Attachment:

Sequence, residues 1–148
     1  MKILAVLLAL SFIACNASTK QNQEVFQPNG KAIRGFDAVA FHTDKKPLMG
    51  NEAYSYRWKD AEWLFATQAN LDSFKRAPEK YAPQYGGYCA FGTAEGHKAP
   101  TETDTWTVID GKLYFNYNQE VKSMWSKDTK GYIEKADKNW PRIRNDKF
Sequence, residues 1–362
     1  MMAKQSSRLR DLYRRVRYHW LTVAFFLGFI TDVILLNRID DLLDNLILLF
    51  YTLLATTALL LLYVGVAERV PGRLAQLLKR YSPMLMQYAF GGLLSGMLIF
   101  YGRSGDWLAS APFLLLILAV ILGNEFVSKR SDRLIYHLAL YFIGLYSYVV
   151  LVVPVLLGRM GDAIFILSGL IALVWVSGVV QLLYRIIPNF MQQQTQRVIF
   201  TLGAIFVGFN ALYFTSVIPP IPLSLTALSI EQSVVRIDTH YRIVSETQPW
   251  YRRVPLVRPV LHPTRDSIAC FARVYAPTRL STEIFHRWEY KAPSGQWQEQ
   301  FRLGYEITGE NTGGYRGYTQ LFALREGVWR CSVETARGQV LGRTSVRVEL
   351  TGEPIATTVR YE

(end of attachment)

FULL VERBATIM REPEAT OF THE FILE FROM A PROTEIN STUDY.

Sequence, residues 1–148
     1  MKILAVLLAL SFIACNASTK QNQEVFQPNG KAIRGFDAVA FHTDKKPLMG
    51  NEAYSYRWKD AEWLFATQAN LDSFKRAPEK YAPQYGGYCA FGTAEGHKAP
   101  TETDTWTVID GKLYFNYNQE VKSMWSKDTK GYIEKADKNW PRIRNDKF
Sequence, residues 1–362
     1  MMAKQSSRLR DLYRRVRYHW LTVAFFLGFI TDVILLNRID DLLDNLILLF
    51  YTLLATTALL LLYVGVAERV PGRLAQLLKR YSPMLMQYAF GGLLSGMLIF
   101  YGRSGDWLAS APFLLLILAV ILGNEFVSKR SDRLIYHLAL YFIGLYSYVV
   151  LVVPVLLGRM GDAIFILSGL IALVWVSGVV QLLYRIIPNF MQQQTQRVIF
   201  TLGAIFVGFN ALYFTSVIPP IPLSLTALSI EQSVVRIDTH YRIVSETQPW
   251  YRRVPLVRPV LHPTRDSIAC FARVYAPTRL STEIFHRWEY KAPSGQWQEQ
   301  FRLGYEITGE NTGGYRGYTQ LFALREGVWR CSVETARGQV LGRTSVRVEL
   351  TGEPIATTVR YE